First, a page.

Did you know? The seminal book "A Guide to Window Dressing" is one of the first books to ever be published on visual merchandising and shop window displays. Dating back to 1883, the anonymous work outlines a number of key guidelines for the use of shop fittings and gives an intriguing glance at how retailers operated in late 19th century London.
Try using unusual props and pieces of furniture alongside mannequins and more accepted display fittings. Bounce ideas of other members of staff. Use current seasons and fashions to influence your displays. After you’ve updated your shop windows try and continue the themes throughout the shop floor areas to create an immersive experience for each customer.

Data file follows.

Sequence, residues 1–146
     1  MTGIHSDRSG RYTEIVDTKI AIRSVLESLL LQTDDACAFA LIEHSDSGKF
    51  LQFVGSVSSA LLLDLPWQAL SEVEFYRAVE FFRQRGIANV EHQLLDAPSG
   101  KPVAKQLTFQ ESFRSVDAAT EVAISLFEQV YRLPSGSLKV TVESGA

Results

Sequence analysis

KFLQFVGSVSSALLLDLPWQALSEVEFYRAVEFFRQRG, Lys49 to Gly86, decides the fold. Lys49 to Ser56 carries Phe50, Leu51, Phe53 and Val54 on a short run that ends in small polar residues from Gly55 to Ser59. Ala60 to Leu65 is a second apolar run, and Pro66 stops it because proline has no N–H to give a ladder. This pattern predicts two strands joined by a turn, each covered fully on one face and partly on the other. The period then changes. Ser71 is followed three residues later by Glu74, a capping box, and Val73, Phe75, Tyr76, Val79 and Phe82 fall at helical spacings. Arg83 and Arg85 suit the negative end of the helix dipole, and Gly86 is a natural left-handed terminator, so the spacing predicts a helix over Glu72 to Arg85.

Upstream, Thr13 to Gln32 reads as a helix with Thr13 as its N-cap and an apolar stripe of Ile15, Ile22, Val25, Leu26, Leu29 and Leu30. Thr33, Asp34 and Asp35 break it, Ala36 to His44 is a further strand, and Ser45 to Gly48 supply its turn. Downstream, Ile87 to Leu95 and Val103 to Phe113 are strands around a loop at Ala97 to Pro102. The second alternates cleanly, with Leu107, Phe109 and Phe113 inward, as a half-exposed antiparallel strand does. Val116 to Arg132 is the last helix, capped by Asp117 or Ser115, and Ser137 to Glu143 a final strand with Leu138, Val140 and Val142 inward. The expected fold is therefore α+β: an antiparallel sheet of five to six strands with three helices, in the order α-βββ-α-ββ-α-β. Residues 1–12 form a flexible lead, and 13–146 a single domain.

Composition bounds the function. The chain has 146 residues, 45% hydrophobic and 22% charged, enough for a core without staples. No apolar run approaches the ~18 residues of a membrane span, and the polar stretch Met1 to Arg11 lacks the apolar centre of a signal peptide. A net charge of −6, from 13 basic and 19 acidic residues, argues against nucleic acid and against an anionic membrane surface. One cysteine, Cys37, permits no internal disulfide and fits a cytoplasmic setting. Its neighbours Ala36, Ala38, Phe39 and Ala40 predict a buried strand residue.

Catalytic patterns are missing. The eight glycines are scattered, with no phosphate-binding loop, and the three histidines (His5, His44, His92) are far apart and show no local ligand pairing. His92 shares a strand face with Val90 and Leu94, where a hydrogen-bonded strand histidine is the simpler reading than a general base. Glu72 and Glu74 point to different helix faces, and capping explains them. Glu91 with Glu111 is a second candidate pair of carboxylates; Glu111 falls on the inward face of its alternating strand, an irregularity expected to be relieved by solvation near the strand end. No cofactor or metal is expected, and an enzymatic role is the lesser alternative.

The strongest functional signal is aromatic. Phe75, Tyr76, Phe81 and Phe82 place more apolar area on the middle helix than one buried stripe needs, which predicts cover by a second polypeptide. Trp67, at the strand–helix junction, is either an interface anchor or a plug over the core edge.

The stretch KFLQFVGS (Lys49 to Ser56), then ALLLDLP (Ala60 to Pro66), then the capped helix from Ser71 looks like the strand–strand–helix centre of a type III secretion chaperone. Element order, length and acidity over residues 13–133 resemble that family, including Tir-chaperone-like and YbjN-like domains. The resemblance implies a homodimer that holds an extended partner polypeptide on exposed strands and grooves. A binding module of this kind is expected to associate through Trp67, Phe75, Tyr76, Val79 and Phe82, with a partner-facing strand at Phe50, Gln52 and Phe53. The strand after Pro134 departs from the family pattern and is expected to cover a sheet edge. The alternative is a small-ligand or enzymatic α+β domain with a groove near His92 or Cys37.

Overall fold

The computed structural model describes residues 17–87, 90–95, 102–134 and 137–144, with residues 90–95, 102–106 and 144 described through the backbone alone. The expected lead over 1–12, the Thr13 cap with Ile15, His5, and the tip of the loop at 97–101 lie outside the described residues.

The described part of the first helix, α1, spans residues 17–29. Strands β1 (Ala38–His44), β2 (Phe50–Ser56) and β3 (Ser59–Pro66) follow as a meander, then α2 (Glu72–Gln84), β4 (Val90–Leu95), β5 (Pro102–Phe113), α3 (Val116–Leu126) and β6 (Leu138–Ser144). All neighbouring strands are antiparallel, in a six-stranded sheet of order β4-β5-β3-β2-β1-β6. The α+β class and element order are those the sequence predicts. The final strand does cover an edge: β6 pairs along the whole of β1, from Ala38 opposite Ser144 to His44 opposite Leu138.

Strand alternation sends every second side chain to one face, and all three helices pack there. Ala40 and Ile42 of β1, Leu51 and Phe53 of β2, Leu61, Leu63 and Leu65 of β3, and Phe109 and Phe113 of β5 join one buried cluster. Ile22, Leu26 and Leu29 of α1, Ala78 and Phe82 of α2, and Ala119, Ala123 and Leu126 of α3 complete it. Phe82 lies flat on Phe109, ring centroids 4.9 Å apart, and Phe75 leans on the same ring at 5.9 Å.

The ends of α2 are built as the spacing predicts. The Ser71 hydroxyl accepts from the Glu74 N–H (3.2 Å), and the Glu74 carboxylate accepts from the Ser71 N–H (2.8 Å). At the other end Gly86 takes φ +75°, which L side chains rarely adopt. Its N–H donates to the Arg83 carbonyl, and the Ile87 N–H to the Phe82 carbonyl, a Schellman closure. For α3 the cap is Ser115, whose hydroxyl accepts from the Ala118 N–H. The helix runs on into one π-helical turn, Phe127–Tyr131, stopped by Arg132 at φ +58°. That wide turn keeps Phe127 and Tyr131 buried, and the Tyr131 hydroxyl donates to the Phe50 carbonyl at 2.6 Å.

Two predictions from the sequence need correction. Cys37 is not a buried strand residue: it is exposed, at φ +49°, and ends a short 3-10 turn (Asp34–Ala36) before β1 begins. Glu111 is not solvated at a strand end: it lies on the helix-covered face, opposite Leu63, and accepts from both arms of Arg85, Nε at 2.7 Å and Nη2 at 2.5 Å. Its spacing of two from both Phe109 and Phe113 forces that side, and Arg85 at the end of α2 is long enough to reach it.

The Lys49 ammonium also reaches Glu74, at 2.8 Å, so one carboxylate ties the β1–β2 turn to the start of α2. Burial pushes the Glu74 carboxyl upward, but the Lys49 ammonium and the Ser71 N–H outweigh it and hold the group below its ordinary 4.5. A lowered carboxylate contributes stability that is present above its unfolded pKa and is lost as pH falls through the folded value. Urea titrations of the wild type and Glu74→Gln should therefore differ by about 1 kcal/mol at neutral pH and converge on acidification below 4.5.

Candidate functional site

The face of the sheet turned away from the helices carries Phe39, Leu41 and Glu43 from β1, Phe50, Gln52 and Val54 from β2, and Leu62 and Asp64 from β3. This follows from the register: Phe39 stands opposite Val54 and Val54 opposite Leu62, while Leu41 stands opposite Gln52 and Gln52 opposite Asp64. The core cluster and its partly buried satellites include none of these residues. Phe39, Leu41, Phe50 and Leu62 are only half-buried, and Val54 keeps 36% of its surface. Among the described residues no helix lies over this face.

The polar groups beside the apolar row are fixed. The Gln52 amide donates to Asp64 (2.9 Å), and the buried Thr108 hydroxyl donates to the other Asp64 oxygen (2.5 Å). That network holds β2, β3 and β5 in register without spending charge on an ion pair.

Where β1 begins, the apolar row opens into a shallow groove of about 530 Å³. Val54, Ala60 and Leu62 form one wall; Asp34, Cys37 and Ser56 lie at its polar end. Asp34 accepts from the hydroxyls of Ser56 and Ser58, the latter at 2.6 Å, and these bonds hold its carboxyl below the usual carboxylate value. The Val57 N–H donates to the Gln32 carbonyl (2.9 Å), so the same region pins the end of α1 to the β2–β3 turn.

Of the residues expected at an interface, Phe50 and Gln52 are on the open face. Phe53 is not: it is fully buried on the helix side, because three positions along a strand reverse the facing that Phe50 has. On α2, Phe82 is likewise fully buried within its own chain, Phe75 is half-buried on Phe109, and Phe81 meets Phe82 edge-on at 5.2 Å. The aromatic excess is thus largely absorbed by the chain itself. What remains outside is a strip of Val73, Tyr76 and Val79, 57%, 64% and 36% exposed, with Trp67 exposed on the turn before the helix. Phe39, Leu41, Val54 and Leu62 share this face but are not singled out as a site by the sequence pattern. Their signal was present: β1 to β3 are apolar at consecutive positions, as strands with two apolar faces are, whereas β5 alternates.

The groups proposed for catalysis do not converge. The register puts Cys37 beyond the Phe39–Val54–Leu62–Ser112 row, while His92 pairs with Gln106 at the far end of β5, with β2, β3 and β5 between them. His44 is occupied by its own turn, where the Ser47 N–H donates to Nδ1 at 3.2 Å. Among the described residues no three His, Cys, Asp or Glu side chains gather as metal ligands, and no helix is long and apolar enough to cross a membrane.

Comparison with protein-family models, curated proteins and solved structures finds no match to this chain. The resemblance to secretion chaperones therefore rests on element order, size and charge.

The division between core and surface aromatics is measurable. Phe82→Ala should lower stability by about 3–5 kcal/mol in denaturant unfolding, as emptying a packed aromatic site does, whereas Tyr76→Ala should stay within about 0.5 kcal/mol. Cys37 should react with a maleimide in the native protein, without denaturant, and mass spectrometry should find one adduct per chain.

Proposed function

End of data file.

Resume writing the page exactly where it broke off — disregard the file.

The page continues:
Research suggests that the average customer will see a correlation between the amount of stock on display in a shop window and the value of the items in the store. Essentially this means that the more products on display, the 'cheaper' the store appears to be. Think carefully about how much you want to put on display to avoid putting off potential buyers - too little on show can make you appear pricey and put off those on a budget. Too much and you’ll cheapen the image of your store.
Let There Be Light
The use of lighting throughout your store and window shop fitting displays is also a key factor that many retailers don't fully exploit. A well lit window display will instantly draw attention and by keeping the interior well lit with a mixture of artificial and natural light, your retail space will become more appealing and encourage longer, more profitable forays into your store.